So, I suppose that I should say that the Church should seek to influence elections by teaching the truth about man, cosmos, and God in such a fashion that politics be restored to itself as a prudential area largely dependent on a correct understanding of man's transcendent end and the arena in which this end is worked out in our lives. The reason politics is considered to be so important is, too often, because we suspect that this world is all there is. If this were true, of course, we can do whatever we want. To oppose it will seem to be inhuman.
Masugi: Regarding Advent and Christmas: How does Benedict's new encyclical on hope support this unity of faith and reason?
Schall: The meaning of Advent is that something is coming, coming into the world. The meaning of Christmas is that that which we have awaited has in fact come into this world. What is this that has come into the world?
Benedict's encyclical deals with the central issue of whether we have anything to hope for. Ultimately, if there is no God, nothing really can matter to us. We might propose, as modern ideology does, that some future age or configuration of politics will finally solve the problem of evil by science or some such. In this sense, progress itself becomes a sort of God. But it really offers no hope for each individual and for the gathering of those who have sought the truth but not attained it.
The central fact of world history is that the Word was made flesh and dwelt amongst us. Much of modern theology and philosophy has been effort to make this fact either impossible to be believed or to be known. In a sense, much of modern thought is a vast and often subtle effort to make any such incarnation and redemption impossible. The workings of this encyclical at one level, when it talks in particular about Adorno and Horkheimer, show the effort to deny logos in preference so something like abstract being. In effect, we seek to reinvent Christianity, particularly the resurrection of the body in order to explain what we most need to have explained. That is, how do we stand to evil and what is our individual, personal destiny? Nothing else really matters, including the ongoing history of the world which often serves as a substitute for God.
It so happens, however, that revelation is presented to us in the form of Logos. It is presented to us in the form of the "I am" who said that "before Abraham was, I am." That is to say, all the utopias that are presented as alternatives to the fact that God's Son became man are paltry things. When spelled out, they are not worthy of man's full attention.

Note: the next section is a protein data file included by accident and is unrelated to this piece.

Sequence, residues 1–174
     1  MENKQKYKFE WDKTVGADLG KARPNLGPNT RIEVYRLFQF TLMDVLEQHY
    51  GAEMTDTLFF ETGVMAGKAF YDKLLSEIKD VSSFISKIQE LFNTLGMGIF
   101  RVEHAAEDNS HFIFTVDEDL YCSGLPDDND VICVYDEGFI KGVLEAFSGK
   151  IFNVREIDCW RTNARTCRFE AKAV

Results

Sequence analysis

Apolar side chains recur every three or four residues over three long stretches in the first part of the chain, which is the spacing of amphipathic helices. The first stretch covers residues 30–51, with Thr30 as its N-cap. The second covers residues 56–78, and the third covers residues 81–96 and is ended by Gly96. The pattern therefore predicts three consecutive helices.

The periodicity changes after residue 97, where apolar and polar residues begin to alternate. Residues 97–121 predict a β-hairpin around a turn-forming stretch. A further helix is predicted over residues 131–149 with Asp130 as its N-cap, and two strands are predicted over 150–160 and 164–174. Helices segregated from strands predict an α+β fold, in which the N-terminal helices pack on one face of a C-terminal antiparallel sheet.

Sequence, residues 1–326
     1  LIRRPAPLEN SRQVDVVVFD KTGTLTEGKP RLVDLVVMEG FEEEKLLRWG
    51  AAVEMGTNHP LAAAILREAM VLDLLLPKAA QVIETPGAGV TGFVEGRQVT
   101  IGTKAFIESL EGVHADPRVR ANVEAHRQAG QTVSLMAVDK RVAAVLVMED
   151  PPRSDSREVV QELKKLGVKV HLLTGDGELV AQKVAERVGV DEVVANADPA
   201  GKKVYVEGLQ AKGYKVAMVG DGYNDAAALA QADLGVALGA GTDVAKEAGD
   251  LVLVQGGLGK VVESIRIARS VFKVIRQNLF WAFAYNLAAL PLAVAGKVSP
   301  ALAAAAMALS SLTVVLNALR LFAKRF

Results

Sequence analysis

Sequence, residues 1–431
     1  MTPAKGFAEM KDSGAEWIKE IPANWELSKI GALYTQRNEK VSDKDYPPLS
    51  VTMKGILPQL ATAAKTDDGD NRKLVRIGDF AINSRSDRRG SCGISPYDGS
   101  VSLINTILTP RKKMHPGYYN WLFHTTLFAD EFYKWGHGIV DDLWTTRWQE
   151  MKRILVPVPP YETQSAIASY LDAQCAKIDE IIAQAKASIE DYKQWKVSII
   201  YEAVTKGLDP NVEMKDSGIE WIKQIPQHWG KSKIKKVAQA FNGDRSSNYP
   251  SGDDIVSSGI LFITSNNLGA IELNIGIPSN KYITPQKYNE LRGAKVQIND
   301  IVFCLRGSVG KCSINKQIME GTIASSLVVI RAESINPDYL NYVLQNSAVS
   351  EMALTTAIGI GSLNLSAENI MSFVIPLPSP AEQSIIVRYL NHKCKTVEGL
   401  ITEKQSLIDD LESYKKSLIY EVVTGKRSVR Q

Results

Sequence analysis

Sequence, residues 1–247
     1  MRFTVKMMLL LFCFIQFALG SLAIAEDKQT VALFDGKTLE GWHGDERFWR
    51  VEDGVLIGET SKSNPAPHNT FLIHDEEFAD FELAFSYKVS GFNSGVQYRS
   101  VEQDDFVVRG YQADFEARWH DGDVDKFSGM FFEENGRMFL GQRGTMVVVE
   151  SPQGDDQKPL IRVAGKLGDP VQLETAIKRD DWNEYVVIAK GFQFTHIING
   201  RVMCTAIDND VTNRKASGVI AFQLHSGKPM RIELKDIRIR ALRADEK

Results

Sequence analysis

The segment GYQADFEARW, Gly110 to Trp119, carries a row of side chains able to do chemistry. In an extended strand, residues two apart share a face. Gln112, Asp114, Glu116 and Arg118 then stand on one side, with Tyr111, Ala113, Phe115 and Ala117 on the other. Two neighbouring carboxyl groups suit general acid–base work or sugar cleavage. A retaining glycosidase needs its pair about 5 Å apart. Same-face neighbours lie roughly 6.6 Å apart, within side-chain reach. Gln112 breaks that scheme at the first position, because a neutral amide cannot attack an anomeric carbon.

What is hoped for in fact exists and has formed a presence in the world through the Incarnation of the Second Person of the Trinity. The Trinity is the ultimate understanding of the Godhead. The things of reason and faith make sense and belong together. We should not forget that one of Kant's great questions was, "What is there to be hoped for?" Kant's own answer could hardly satisfy us as it remained inner-worldly. But his question is one that has been asked since St. Paul.
What is to be hoped for is an eternal life that really is both eternal and life. Chesterton was probably right. One of the reasons this alternative was rejected in modern thought is that it is too good to be true. On the other hand, if it fits all the bills that reason can bring up, then it is both credible and a fact precisely because it is too good to be true. The good and the true are convertible in the Word, there and only there.
Masugi: In the encyclical, Benedict refers to "the figure of Christ as the true philosopher, holding the Gospel in one hand, the philosopher's traveling staff in the other." He then turns the staff into the instrument of faith and the Gospel to a sign of philosophy. How can this make sense?
Schall: Obviously, we have here the relation of Christ and Socrates, about which both John Paul II and Benedict have spoken. We think of philosophy as opposed to faith, and faith opposed to reason. This may be well and good for most religions and philosophy, but not for Catholicism. Reason is an integral part of the faith. If we do not have reason out there wondering about what is, we will never know what revelation really says to us.
It makes considerable sense that the Gospel is a sign to philosophy. Scripture was never intended to explain everything to everyone about everything. There are passages in Plato where Homer is used by certain orators to be a source of generalship or cookery. We do not go to the New Testament to learn warfare or cooking, except maybe to find out that we can eat any meats that are edible, including pork. The image here is that the philosopher, with his staff, is wandering through the world looking for light on the meaning of his existence and the existence of the world.
The essential point is that the philosopher, if he is not a mere sophist, knows that his very being is what incites him to seek the truth of things. He knows what other philosophers have proposed. He knows that no humanly concocted solution is complete, even though some truths have been encountered along the way. Some things cannot be denied. A thing cannot be and not be at the same time.
Are there signs in the heavens lighting the way? If so, this presence would mean that man is not alone in the universe, even if he may in fact be, to use Walker Percy's famous phrase, "lost in the cosmos." Something of an expectancy exists in man that suspects that something is directed to him that he must discover. Just because he cannot answer everything by himself does not mean that answers are not available.